Sunday, Dec. 3, is the First Sunday of Advent. Mass Readings: Isaiah 63:16-17, 19, 64: 2-7; Psalm 80:2-3, 15-16, 18-19; 1 Corinthians 1:3-9; Mark 13:33-37.
Jesus is coming. The fact that he’s coming on Dec. 25 fills us with sweet anticipation. But the fact that he’s coming in judgment at an unexpected time when our current life ends might fill us with dread.
That joy and dread are both right — and both wrong — compared to what we find in today’s readings.
“Be watchful! Be alert!” Jesus warns in the Gospel. He tells a story about a master returning to his home, where we are servants. “May he not come suddenly and find you sleeping,” he says. “Watch!”
What Jesus is asking of us is not easy. Says the Catechism: “According to the Lord, the present time is the time of the Spirit and of witness, but also a time still marked by ‘distress’ and the trial of evil, which does not spare the Church and ushers in the struggles of the last days. It is a time of waiting and watching” (672).
The first reading, on the other hand, stresses the joy of the coming of the Master.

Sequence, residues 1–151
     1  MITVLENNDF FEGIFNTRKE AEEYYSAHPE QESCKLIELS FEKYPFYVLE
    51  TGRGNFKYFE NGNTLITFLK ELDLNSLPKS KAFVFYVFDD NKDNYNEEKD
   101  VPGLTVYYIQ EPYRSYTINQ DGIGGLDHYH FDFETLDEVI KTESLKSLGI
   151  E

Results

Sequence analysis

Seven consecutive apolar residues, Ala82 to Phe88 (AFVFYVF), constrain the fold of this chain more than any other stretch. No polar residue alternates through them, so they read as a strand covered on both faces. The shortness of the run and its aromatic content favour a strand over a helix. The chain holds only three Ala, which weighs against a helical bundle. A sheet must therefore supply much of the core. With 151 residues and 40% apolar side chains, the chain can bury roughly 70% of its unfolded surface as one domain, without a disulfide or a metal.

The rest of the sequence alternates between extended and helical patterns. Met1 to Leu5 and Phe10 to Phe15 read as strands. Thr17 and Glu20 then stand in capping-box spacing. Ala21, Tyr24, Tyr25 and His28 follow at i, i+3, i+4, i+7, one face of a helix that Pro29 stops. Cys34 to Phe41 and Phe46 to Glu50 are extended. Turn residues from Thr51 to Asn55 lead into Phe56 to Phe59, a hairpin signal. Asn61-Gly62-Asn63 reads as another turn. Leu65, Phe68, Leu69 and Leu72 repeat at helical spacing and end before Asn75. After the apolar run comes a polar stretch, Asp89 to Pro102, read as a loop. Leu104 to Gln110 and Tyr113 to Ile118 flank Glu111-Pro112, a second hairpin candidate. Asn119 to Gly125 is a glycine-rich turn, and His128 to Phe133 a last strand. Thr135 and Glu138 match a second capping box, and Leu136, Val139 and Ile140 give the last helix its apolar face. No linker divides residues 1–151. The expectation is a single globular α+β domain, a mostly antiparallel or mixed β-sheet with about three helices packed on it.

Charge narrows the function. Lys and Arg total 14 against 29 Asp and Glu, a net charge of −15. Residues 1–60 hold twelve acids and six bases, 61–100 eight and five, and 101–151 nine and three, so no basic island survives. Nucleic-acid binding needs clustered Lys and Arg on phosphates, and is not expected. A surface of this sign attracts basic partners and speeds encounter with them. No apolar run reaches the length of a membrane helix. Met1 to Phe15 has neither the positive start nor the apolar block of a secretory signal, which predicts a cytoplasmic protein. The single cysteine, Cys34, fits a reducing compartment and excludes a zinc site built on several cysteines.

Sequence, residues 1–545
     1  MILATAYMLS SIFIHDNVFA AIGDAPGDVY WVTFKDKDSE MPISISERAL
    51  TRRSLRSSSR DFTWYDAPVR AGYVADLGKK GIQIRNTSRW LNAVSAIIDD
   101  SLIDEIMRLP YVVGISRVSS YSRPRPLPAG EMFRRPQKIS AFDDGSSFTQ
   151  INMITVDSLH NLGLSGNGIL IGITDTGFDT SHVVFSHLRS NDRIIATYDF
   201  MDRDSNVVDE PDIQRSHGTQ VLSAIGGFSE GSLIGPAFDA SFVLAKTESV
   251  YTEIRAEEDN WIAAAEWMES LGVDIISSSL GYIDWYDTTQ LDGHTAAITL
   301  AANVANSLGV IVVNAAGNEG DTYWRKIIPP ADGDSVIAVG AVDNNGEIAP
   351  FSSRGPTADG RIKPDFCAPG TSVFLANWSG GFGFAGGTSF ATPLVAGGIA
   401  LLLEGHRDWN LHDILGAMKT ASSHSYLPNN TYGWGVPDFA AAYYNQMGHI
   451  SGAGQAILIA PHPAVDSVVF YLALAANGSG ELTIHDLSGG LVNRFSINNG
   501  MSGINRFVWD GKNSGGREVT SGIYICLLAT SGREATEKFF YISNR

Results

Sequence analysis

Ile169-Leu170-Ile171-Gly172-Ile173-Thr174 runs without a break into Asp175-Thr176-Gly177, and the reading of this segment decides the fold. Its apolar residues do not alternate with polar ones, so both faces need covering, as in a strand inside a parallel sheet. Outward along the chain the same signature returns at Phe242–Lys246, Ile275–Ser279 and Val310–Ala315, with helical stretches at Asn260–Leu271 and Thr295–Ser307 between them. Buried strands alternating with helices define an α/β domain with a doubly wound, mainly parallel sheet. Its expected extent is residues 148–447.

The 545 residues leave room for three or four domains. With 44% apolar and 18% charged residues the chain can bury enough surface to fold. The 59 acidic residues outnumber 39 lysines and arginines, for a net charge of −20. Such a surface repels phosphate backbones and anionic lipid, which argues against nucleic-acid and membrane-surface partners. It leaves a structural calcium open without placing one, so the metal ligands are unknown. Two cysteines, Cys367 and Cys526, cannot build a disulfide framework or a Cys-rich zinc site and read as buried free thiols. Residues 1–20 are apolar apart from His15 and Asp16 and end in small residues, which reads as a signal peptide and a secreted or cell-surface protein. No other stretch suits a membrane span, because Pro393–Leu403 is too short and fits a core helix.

“Oh, that you would rend the heavens and come down!” says Isaiah. “You wrought awesome deeds that we could not hope for.”
What is the difference between the distress we can feel at the duty of Christian life and the joy of anticipation the prophet feels at the prospect of his Savior?
The first reading gives some hints.
The first difference is repentance. “You are angry, and we are sinful,” says the reading.
“All of us have become like unclean people.” Understanding our fault in the difficulties of our lives, and breaking from it, is necessary to be open to God’s will.
The second need is prayer.
“O Lord, you are our father,” says the reading. “We are the clay and you the potter.” God shapes and molds those who take the time to communicate with him. He gives us everything we need to be “firm to the end, irreproachable on the day of our Lord Jesus Christ.”
As St. Paul puts it in the second reading, “You are not lacking in any spiritual gift as you wait for the revelation of our Lord Jesus Christ.”
It isn’t easy. The dread we feel is appropriate — it is called “fear of the Lord,” one of the seven gifts of the Holy Spirit.
But the Christian life also isn’t drudgery — it is a labor of love, preparing for a Master who wants to enrich us in every way, “with all discourse and all knowledge.”
So we are right to see the sweetness of the Lord’s coming. This is the gift of “piety.”
Just as the prayer, fasting and almsgiving of Advent ends with the joy of Christmas, the difficulty of servants waiting and watching ends with the glorious return of the Lord.
Tom Hoopes is writer
in residence at
Benedictine College and
author of The Fatima